RACE: Historic Maple Road has power to transform city

By 2035, Maple Road, better known these days as 38th Street, could become an animated, beautiful street intertwining neighborhoods that for decades have been divided by it.

Maple Road defined the northern edge of the city in George Kessler’s 1909 Parks and Boulevards Plan. It was designed and implemented as a picturesque brick street with 30-foot lawn parkways and a double line of trees. Kessler’s Maple Road boulevard vision is now messy and chaotic 38th Street. Traffic lanes have replaced the parkways and shade trees, and strip commercial and parking lots replaced many of the traditional buildings.

The Indy Connect regional transportation plan designates 38th Street as a bus rapid transit corridor. BRT is an affordable alternative to rail transit. It can run in existing streets in dedicated lanes, and in shared lanes when required. The 38th Street Purple Line is to intersect with the north-south Red Line on College Avenue, the Orange Line on Keystone Avenue, and the Green Line on the Nickelplate rail line. The Purple Line will connect important neighborhoods, the Indianapolis Museum of Art and the State Fairgrounds.

BRT systems can have an immense economic effect on investment in Indy, just as they have in other cities.

In Cleveland, for example, the HealthLine BRT along Euclid Avenue has fostered more than $5 billion in economic development and $62 million in additional local tax benefits. The BRT line connects downtown Cleveland with other regional assets, including the Cleveland Clinic; Cleveland State University; 4,000 units of residential development; and the $350 million Cleveland Museum of Art.

BRT systems have resulted in similar positive economic impact in Las Vegas and Orlando. The SDX route in Las Vegas has leveraged more than $2 billion in private investment. The LYMMO Line in Downtown Orlando has supported investment in housing and commercial projects.

Cities with established BRT systems continue to get an economic boost. Boston, Pittsburgh, and Eugene, Ore., BRT stations have attracted jobs, residents, new development and related fiscal benefits.

Charlotte and Nashville are trying to emulate some of the success experienced in BRT cities by planning their own lines.

Like Cleveland’s Euclid Avenue, 38th Street has major institutional anchors flanked by existing neighborhood destinations. A connection plan is needed for the 12 neighborhoods that edge 38th Street between Keystone Avenue and I-465 on the west side to fully realize its potential.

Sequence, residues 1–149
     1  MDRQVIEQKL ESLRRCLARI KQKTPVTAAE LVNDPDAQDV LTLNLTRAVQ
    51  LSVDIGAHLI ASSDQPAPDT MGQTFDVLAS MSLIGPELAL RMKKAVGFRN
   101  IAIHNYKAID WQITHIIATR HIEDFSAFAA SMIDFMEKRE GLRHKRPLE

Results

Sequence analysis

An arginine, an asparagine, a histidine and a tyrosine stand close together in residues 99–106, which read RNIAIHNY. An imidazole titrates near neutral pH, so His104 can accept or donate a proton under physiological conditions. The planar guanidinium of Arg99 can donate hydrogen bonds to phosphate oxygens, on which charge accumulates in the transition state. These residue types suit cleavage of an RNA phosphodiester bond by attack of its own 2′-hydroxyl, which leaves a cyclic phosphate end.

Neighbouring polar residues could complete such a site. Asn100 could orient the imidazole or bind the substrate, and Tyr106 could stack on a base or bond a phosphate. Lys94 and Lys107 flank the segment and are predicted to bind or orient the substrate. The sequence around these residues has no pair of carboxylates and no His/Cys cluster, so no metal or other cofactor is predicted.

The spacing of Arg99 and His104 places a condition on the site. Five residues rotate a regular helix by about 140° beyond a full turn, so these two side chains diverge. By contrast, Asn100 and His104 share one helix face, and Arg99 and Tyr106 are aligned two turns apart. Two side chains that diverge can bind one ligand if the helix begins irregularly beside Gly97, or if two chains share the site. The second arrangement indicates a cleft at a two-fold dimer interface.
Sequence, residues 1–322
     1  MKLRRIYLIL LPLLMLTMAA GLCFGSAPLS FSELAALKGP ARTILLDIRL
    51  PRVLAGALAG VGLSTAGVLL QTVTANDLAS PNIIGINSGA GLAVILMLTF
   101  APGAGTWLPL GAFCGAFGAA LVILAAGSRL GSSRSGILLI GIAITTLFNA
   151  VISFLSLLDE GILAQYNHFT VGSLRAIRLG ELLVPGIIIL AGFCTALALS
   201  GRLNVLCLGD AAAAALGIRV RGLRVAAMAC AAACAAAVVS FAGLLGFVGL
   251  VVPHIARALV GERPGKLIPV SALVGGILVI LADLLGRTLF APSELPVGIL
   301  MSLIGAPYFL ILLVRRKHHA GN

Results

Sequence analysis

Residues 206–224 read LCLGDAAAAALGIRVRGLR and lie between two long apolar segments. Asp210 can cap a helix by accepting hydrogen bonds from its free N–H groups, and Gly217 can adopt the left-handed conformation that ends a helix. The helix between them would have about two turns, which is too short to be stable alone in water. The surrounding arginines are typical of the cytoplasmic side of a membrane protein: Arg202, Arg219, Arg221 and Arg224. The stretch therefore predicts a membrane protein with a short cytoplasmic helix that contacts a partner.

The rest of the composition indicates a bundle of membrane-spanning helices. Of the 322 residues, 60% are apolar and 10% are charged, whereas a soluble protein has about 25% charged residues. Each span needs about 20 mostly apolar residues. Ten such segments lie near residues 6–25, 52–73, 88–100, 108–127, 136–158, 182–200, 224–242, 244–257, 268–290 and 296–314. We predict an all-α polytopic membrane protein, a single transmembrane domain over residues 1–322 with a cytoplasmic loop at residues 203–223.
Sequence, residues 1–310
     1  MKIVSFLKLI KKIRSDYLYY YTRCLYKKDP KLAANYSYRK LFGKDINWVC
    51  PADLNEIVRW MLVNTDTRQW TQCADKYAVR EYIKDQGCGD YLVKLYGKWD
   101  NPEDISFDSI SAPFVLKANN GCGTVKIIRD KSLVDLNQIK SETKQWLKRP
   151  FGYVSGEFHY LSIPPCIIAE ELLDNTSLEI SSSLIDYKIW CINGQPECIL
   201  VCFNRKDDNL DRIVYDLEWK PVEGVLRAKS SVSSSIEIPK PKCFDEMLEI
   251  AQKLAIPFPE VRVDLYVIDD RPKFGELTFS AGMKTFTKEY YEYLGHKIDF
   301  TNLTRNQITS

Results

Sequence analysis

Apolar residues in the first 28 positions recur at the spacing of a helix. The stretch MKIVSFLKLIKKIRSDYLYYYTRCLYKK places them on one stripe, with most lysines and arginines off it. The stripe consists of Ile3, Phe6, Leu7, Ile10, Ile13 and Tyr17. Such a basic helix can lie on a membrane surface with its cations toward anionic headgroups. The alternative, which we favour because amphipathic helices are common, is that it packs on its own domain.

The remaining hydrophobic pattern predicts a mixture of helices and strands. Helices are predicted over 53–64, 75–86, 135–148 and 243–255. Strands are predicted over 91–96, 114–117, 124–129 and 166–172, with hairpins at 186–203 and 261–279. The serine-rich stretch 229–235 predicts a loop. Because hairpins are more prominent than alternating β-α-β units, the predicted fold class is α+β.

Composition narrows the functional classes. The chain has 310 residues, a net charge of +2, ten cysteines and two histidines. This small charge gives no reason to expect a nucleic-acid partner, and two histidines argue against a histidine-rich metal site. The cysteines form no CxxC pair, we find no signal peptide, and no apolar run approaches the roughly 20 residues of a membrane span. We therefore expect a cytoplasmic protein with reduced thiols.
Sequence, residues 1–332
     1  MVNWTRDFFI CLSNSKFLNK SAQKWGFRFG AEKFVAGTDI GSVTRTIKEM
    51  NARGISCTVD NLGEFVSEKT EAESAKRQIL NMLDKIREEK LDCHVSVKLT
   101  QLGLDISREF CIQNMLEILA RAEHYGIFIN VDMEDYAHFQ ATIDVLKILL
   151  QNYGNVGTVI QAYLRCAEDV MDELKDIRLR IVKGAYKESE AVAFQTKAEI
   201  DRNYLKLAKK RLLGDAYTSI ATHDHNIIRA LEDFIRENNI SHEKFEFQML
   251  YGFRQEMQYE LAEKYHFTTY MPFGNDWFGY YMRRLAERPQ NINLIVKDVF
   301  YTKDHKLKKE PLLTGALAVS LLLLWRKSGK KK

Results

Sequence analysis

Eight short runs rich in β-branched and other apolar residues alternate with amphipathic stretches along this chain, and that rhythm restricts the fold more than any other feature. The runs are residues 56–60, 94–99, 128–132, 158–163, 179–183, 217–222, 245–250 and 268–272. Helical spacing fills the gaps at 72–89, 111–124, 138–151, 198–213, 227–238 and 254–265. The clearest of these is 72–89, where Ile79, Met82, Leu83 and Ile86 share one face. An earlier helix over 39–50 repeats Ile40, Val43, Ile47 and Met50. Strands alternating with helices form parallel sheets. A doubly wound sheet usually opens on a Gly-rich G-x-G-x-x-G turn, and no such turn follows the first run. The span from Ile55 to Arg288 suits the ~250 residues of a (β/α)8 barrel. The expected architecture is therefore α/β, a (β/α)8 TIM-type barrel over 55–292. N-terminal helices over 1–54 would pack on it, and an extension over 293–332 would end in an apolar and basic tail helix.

Neighborhoods along 38th Street have schools, parks and commercial intersections that are traditional walking and biking destinations. Many of these destinations fall along east-west neighborhood streets a couple blocks north and south of 38th Street. This includes 40th Street, which runs from the State Fairgrounds to Tarkington Park and Crown Hill Cemetery. To the south, 34th Street connects the formal gateway to Crown Hill Cemetery with Shortridge Middle School, and the Fall Creek Neighborhood. These streets deserve pedestrian and bicycle enhancements.

West of the IMA, 38th Street crosses the White River, merges briefly with I-65, and then drops into the Eagledale and Lafayette Square neighborhoods. This 2.5-mile stretch of 38th Street is completely lacking formal bike or pedestrian connections. Yet, you see young people walking and bike commuters taking this harrowing route almost every time you need to drive it.

In the future, some pretty cool transit-oriented development could emerge along 38th Street’s BRT line, with enough social and economic gravity to reunite neighborhoods. Here are three examples:

• Maple Road Main Street. The Midtown area along 38th Street will have overlapping BRT service between Illinois Street and College Avenue. The north-south Red Line and east-west 38th Street Purple Line share this stretch of 38th Street that is in the Midtown TIF District. The traditional commercial uses at Illinois Street and Tarkington Park, known as Mapleton Village, can be expanded to include commercial and mixed-use opportunity sites at College Avenue. The result can be a walkable and energetic main street along Midtown’s 38th Street frontage.

• Lafayette Square. The western terminus of the 38th Street Purple Line will be near Lafayette Square. BRT will provide an opportunity to completely rethink this 1.5-square-mile parking field. Imagine a diverse and sustainable neighborhood with parks, schools and shopping.

• Fairgrounds–Bermuda Triangle of Transit. The State Fairgrounds is located in the future transit triangle of 38th Street Purple Line, Keystone Avenue Orange Line, and the Nickelplate Green Line. Imagine a 21st Century fairgrounds that straddles 38th Street, lights up every day, and is especially welcoming during fair week. Keystone Avenue transit-oriented developments can reinvigorate the Meadows and Fall Creek neighborhoods.•


Bruce Race, FAIA, FAICP, is an award-winning architect and urban planner, owner of RACESTUDIO and recipient of the Indiana Sagamore Planning Award. He lives in a historic Indianapolis neighborhood and teaches urban design at Ball State University’s Downtown Indianapolis Center. His column appears monthly. He can be reached at br@racestudio.com.

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